Leading With Humanity
Stephanie Wiggins is the Chief Executive Officer of Metrolink, a regional commuter railroad serving six Southern California counties with nearly 10,000,000 annual boardings operating over 538 route miles with a budget of $793 million.
The sun rose on Monday, June 1, but there was still a darkness throughout Southern California as we saw the aftermath of history playing out in the streets of our nation.
None of us can turn a blind eye to the images of an unarmed and subdued George Floyd killed at the hands of a police officer who was sworn to protect. We cannot turn a blind eye to those engaged in peaceful protest, pleading for equality and justice in communities across our country. Nor can we ignore the coverage this weekend of the civil unrest and the destruction of countless businesses.
As an African American woman, I’ve dealt with feelings of despair as we continue to have discussions about systemic racism. And over the continued fight to have equal protection under the law. There is no joy in being on the front lines of this fight. There is no pleasure in being forced to protest and defend. There is no dignity in pretending that divisions do not exist.
As a CEO, on Monday I started the day by sending an email to the entire Metrolink team addressing the weekend events and reminding them that our agency provides resources through an Employee Assistance Program where they can get free assistance. I encouraged our team to not suffer in silence and to talk if they needed to. That afternoon, talk is just what they did.
But let me provide some context. Since the COVID-19 stay-at-home orders were instituted in March, I have regularly communicated directly with all Metrolink employees. Initially through daily emails, and in the past month, three times a week via virtual afternoon coffee breaks. While most employees are telecommunicating to protect against the spread of the coronavirus, we’ve created a new culture of connection. We’ve gotten used to discussing our fears, and our ideas for post-pandemic recovery efforts in lively Q&A sessions. And we’ve gotten used to learning about each other as people – as we all seek humanity.
Monday’s coffee break was different. With no agenda, I simply asked, “Is there anything you’d like to share?” What followed was an agency-wide discussion that was authentic and honest. It was filled with emotion and empathy. I cried. I was not alone. I was honored that our employees – Black, Latino, White, Asian; Millennials, Gen Xers, Boomers, and Gen Z – felt safe enough to share their feelings and their vulnerability. They spoke. We listened, and we learned.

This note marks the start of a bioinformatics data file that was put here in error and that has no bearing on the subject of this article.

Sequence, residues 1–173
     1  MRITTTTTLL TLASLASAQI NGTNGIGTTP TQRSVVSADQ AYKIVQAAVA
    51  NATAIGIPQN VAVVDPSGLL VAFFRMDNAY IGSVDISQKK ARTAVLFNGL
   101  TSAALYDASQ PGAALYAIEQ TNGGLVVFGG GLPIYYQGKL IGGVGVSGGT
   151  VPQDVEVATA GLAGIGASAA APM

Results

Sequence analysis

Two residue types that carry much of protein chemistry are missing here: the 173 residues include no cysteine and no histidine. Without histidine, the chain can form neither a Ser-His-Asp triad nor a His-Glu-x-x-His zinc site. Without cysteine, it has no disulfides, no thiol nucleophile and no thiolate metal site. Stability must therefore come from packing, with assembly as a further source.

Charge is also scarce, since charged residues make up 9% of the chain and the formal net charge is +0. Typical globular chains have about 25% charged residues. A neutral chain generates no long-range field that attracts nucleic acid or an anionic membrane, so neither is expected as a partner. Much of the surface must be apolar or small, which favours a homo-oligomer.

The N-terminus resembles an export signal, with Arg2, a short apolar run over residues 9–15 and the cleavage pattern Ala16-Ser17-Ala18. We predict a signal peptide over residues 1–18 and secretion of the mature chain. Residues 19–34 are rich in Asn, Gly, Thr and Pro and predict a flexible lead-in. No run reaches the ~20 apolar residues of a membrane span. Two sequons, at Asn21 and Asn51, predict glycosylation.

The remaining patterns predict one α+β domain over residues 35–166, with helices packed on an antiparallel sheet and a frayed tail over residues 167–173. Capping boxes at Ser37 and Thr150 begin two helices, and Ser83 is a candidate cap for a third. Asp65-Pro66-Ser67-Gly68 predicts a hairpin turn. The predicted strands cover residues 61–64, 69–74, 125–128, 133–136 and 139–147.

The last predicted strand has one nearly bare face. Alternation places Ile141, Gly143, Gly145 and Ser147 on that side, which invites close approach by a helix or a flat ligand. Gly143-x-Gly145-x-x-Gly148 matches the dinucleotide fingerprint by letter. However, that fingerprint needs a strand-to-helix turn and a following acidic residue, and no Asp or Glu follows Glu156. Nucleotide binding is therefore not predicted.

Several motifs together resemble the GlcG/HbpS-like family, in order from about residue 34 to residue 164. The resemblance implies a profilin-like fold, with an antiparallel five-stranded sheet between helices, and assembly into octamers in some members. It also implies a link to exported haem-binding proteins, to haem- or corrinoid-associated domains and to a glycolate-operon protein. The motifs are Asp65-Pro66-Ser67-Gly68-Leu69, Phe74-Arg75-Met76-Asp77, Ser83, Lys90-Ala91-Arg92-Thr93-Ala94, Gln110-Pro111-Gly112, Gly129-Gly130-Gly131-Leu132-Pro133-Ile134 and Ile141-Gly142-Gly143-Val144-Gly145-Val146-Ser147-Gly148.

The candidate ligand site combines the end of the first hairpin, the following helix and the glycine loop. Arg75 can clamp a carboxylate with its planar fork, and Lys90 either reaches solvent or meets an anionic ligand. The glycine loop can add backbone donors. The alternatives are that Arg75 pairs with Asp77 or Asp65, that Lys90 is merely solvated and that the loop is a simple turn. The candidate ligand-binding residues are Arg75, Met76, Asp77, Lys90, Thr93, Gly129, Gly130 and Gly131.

One employee shared how sad these events make him feel. He vividly talked about being afraid as a Black teenager when he was stopped by the police and was guided by his father’s standing advice to do nothing and obey whatever the officer said so he could make it home. His voice quivered as he told the story. Next, a White man, a friend and colleague of the first man, shared that it is hard for him to fathom that experience, because he was raised to treat everyone with dignity, but he held space for the first man’s experience and thanked him for sharing. Then a woman shared that hearing the emotion in the first man’s story was the most impactful way she has heard those words expressed in her life.
As an African American woman, I’ve dealt with feelings of despair as we continue to have discussions about systemic racism.
The emotion in the chatroom was palpable. I was touched to be a part of this powerful discussion and to see our team come together to connect and show respect.
They gave me hope.
As a CEO, wading into this discussion can be precarious. Openly talking about race while at work can be risky. It goes against all the HR rules we learn as managers. As leaders, though, we also learn about the value and power of listening. And, sometimes, taking a risk is the right thing to do. On Monday, I learned that no matter their stations in life, people are shaped by their experiences.
Monday’s session was a gift in humanity. I witnessed compassion, empathy, fear, and truth – in the span of 30 minutes. And the timing was perfect because during this dark chapter in our nation’s history we need hope. Hope and the comfort that comes from knowing we are not alone in our hurt – that we must be able to rely on each other for our humanity.
As an African American woman and as a leader, I found myself being both comforted in a personal sense and inspired, professionally. When I became CEO 18 months ago, I told the entire staff that they could expect me to promote a culture of respect and that culture was on display during that chat.
I am writing this because I want to encourage other leaders to allow these moments of vulnerability in their organizations and hope that other teams will be open to sharing their truth as our team did. Leading with humanity – it’s a simple idea with profound results. As Desmond Tutu said, “My humanity is bound up in yours, for we can only be human together.” I invite you to join me, show your humanity. Better still, give others the space to show theirs. Together, we will get through this. Together, we will make our community a place where diversity is valued and where all people are respected.